The ASP session ID cookie, used by the Session object to maintain client state, is another dead giveaway:
You can disable ASP Session State so that this cookie is not placed, but you lose the convenience of using the Session object to maintain client state. You could also create an ISAPI filter to change the names of any session ID cookie. On the other hand, ASP sessions are resource intensive, and turning them off improves the performance and scalability of your ASP application, while also helping to anonymize your server.
Send These to the Recycle Bin
WebDAV: Another way of identifying Microsoft servers is their implementation (from Windows 2000 and IIS 5.0 on) of WebDAV — the HTTP Extensions for Distributed Authoring and Versioning. WebDAV itself is not unique to Microsoft or IIS; it is a proposed standard (RFC 2518) with an IETF Working Group. Microsoft’s WebDAV support, however, adds a lot of information to the headers sent back by the server, especially when an HTTP OPTIONS request is made. If you are not using WebDAV (to support Outlook Web Access or Web Folders, etc.), you can disable it entirely by editing the registry or by using IISLockDown and URLScan.
Public Header: Certain Web servers betray their identity by displaying the Public header in HTTP responses. Few popular Web Servers send this header in response to OPTIONS requests (while almost all respond with the similar Allow header). The presence of Public is a good indication you are connected to either an IIS box or Netscape Enterprise 3.6. The Public header can be removed with a custom ISAPI filter (IIS) or NSAPI plug-in (Netscape).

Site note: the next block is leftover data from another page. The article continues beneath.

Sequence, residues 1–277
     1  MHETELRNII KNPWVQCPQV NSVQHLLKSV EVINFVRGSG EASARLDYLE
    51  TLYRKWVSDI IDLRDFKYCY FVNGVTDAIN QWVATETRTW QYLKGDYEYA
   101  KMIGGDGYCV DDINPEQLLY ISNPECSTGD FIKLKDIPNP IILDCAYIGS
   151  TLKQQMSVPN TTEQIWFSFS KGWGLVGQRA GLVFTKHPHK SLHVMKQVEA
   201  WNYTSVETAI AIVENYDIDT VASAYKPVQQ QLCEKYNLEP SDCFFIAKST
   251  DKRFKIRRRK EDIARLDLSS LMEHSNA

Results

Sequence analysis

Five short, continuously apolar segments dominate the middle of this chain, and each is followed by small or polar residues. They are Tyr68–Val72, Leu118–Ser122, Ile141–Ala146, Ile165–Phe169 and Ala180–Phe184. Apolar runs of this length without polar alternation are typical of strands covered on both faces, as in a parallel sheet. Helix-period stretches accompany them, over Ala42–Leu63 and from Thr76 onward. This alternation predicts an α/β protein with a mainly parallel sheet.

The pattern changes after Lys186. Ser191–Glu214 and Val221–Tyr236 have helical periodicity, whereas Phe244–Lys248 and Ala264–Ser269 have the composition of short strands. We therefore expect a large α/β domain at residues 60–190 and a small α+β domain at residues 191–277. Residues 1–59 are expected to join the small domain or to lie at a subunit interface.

Integrated Windows Authentication: IIS users should not rely on “Integrated Windows Authentication” — especially not as a way of hiding anything on the server. This method betrays the very secret it would keep, since a script or visual hacker can identify the Windows box by means of the WWW-Authenticate headers sent by the server. When a file or directory is protected by NT Challenge-Response authentication, one of the authentication headers contains the string “NTLM” (NT LAN Manager) — a Microsoft-specific form of HTTP authentication.
Get Your Headers Straight
The number and sequence of your HTTP headers and the presence or absence of certain platform-specific headers provide handy ways for more sophisticated hackers to fingerprint your Web server. A relatively unexplored area of server profiling, this will become a more common exploit as administrators start to implement countermeasures against obvious HTTP vulnerabilities like the Server header. For IIS users, a custom ISAPI filter can alter the Microsoft-specific header order or sequence to emulate, say, a default Apache installation. Apache users can accomplish any header order emulation they wish by experimenting with the location and order of Header directives in mod_headers.
Whose Default is That?
Default messages, pages and scripts of all kinds often contain clues to server identity, and these should be removed or modified accordingly. Software behind the Web server often bubbles error messages back through the HTTP request/response cycle, and customized HTTP errors can mask application server, database server, Web server and OS identity. For IIS, CustomError makes it easy for developers to deploy custom 404 and other HTTP error pages. This article shows how to implement custom HTTP errors in Apache. Avoid this on a development server, since, when done properly, it prevents database and server-side scripting errors from being seen — making it tough for developers to debug their applications! Remove or hide any Web or application server administration pages, scripts or documentation installed under your server’s Web root, and make sure to replace those default home pages.